A little over two years ago, Brandi Carlile played a small show at Nashville’s Basement East for the holiday party thrown by her new producer and label, Dave Cobb and Low Country Sound. It was there that she debuted songs from her album By the Way, I Forgive You, which would be released in a few months and catapult her to international superstar. Since then, she’s won three Grammy Awards, formed the Highwomen, performed a tribute to Joni Mitchell, produced records for Tanya Tucker and the Secret Sisters, hit her $1 million fundraising goal for Children in Conflict through her Looking Out Foundation, and become a leader in the movement to bring gender equality to all sectors of the music industry, from festival rosters to the country airwaves.
Last night at the Ryman Auditorium, Carlile played the first of six sold-out shows at the Nashville landmark, an occasion that felt like both a celebration and a homecoming: a tracing of where she’s been, the songs that got her here, and the ones she hopes will extend and grow into the future — or rewrite the past.
Carlile, in a striking jacket made by country music couturier Manuel, bounded onto the stage with her bandmates Tim and Phil Hanseroth after a string introduction. But while their fashion might have a little more glitter these days and their platform may have grown, Carlile and the Hanseroth twins kept the show focused on their core: Carlile’s voice, which routinely elicited gasps from the audience, their three-part-harmonies, and their passion for pure, euphoric entertainment. Somehow, Carlile shows are rock & roll fire, pop-pomp, folk confessional, and cathartic campfire all at once.
“The Ryman heals people,” Carlile told the crowd, explaining how it had been eight weeks since she’d last sung in public, after a sudden cold took away her voice. You’d never know it. She hit those uncanny high notes in “The Story,” which the band performed early in the set (“the song that got us here,” Carlile said, talking about the tradition of Opry performers selflessly playing their hit for the delight of the audience), settled into exact harmonies with the twins on an acoustic reading of “The Eye,” and delivered a stunning rendition of Mitchell’s “A Case of You” with humble brilliance, after asking the stage director to shut off the fog machine because she “needed all the help I can get.”
“When I look back on the three of us meeting in the late Nineties in Seattle, Washington, I had a great honor of being the first person to introduce them to country and roots music,” Carlile said, speaking to the Hanseroths, who have been by her side for 20 years and never seem to transmit anything but unfiltered joy from the stage. “I wish I could have told them then that, one of these days, we were going to stand onstage at the Ryman Auditorium for six nights.… Some things have to be seen to be believed, some things have to be believed to be seen.”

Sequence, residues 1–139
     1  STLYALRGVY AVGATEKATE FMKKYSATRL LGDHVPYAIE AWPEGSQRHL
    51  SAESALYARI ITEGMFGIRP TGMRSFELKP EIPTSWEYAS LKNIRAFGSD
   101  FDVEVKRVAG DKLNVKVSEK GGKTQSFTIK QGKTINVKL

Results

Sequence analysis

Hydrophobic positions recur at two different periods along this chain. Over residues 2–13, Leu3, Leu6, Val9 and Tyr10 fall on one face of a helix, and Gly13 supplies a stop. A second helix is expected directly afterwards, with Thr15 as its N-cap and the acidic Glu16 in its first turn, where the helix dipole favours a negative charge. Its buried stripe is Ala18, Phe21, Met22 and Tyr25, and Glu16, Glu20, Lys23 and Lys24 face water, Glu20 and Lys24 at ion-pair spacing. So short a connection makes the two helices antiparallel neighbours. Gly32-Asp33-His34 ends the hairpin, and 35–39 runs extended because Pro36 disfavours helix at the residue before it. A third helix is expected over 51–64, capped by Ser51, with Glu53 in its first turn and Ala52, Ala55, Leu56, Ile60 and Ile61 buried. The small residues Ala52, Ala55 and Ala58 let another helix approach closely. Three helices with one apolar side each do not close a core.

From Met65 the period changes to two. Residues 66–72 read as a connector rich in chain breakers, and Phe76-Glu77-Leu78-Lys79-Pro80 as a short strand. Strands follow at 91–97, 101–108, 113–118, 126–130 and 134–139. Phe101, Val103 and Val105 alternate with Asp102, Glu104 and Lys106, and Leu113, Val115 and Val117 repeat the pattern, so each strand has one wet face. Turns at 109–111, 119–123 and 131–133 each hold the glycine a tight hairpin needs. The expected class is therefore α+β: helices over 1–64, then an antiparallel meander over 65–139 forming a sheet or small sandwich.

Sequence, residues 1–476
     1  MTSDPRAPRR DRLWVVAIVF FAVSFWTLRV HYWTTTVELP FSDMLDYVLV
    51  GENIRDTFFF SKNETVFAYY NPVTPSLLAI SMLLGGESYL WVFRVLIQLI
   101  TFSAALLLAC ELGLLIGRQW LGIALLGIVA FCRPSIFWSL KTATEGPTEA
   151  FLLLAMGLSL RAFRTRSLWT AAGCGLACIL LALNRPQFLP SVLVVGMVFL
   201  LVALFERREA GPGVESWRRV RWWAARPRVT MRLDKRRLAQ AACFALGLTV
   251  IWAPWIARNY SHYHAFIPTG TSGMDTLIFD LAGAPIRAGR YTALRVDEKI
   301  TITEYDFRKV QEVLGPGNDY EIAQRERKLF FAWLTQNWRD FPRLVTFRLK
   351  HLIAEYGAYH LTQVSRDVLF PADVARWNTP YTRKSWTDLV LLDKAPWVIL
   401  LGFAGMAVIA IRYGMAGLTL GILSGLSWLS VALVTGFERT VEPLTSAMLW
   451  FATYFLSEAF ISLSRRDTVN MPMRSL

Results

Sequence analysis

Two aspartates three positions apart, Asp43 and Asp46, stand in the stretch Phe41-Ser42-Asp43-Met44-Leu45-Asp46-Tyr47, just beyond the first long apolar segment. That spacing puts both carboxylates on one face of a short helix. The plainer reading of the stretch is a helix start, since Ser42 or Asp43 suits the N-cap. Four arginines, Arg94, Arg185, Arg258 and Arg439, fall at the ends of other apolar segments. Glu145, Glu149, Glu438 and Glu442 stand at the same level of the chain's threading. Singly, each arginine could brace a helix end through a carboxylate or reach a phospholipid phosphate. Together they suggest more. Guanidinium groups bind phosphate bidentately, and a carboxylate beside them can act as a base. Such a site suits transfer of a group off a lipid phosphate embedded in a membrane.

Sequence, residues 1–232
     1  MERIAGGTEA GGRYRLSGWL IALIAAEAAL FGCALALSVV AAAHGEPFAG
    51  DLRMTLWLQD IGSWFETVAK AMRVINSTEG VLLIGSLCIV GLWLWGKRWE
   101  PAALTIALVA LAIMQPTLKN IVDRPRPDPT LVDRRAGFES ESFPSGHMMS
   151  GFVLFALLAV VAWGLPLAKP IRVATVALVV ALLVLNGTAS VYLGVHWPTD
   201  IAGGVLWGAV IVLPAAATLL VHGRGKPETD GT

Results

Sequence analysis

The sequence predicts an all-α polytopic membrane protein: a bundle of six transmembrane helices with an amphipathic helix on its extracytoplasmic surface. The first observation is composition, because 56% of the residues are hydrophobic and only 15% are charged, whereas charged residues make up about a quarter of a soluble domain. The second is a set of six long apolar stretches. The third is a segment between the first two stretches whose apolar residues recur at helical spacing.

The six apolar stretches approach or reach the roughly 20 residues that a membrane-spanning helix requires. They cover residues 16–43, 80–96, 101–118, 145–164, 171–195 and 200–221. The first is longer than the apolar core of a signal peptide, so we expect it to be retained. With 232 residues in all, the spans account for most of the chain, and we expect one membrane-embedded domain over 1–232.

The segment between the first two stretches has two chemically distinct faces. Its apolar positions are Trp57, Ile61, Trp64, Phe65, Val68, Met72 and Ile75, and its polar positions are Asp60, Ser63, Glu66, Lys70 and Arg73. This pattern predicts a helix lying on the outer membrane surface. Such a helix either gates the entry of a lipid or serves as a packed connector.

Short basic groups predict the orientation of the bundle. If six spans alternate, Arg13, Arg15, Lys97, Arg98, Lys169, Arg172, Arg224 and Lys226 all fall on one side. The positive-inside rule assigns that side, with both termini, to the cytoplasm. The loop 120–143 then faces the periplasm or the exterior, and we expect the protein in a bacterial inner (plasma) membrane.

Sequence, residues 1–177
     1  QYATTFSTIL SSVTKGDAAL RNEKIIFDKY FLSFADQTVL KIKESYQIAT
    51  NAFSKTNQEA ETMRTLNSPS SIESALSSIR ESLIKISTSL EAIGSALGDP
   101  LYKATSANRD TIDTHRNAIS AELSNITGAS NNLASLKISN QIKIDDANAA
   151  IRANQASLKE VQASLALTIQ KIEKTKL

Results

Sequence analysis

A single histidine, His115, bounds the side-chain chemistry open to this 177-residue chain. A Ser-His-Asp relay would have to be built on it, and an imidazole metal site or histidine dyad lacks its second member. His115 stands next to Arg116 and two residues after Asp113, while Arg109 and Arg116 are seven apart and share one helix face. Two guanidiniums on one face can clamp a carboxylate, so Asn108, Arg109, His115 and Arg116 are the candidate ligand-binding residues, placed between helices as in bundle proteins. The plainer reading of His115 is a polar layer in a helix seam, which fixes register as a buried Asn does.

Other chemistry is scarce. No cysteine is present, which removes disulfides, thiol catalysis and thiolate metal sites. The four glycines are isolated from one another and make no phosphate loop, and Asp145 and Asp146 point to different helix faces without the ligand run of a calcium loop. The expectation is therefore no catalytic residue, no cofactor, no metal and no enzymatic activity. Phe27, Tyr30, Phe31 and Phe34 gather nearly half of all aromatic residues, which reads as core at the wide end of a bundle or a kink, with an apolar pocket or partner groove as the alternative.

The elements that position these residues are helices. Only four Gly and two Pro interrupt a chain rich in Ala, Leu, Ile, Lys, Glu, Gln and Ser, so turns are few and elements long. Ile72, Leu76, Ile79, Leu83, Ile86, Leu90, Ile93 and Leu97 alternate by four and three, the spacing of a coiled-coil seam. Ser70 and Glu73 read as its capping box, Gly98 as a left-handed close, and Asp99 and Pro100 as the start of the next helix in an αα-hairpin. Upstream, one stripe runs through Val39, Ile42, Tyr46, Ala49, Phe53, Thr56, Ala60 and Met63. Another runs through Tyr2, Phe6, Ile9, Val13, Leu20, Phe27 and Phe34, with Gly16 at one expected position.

Such unbelievable moments were the theme of the evening — from a tender performance of “The Mother” to seeing Tucker walk onstage during “That Wasn’t Me,” the lead single off Carlile’s 2012 LP, Bear Creek. Tucker first sang the song in November, when Carlile was presented with the Founders Award at Seattle’s Museum of Pop Culture, and, just a few nights from her own sold-out Ryman show, Tucker emitted all the grit and country glory that Carlile has said was foundational to her own development as an artist.
Then Carlile did something radical, something that encompasses the way she’s navigated her career these past few years — she took a back seat to let someone else be front and center, accompanying Tucker on piano as the 61-year-old sang her Grammy-nominated ballad “Bring My Flowers Now.” After a triumphant finale of “The Joke,” Carlile did it again, using her time to talk at length about opening artist Kim Richey and invite her back to sing “A Place Called Home,” from Richey’s 2001 album, Rise.
“Somebody gave me Kim Richey’s album Glimmer as a teenager, and I absolutely lived inside of every single one of those songs,” Carlile said. “Not a lot of people know this, but so much of my voice is really influenced by Kim Richey. You know the slow vibrato thing in my voice? It’s not natural. I got that by mimicking Kim Richey.”
Over the next five nights, Carlile will likely make equal space to talk about the other opening acts she’s curated with intent: Lucie Silvas, Lori McKenna, Courtney Barnett, and fellow Highwoman Natalie Hemby (last night Carlile played “If She Ever Leaves Me” solo, but teased a possible appearance from her fellow country crusaders later in the residency). It’s reflective of how Carlile has taken time in the past two years to not only form an all-woman festival, Girls Just Wanna Weekend, but to also cast herself in the supporting role by opening for women like Silvas and Courtney Marie Andrews.
As Richey — who played a stunningly simple set that showcased her crystalline voice and criminally underappreciated lyricism — said, “[Carlile] takes her currency, and she lifts other people up with it.” There were signs of that even in the lobby last night, where multiple volunteers mulled about registering concertgoers to vote, and the sign for Carlile’s charity on prominent display by the merch table.
“We need more forgiveness in the world,” Carlile urged early in the night before launching into “Sugartooth,” a song about the unrelenting horrors of addiction. “If you think I’m about to engage in another hashtag-blessed white-person lecture, I’m not. That’s not what it’s about. Forgiveness is radical, and it’s difficult and it’s messy, and we all say we do it, but we don’t. I write about it, so I can learn how to do it.”
That’s the kind of sermon, delivered from the Mother Church, that Carlile knows we desperately need.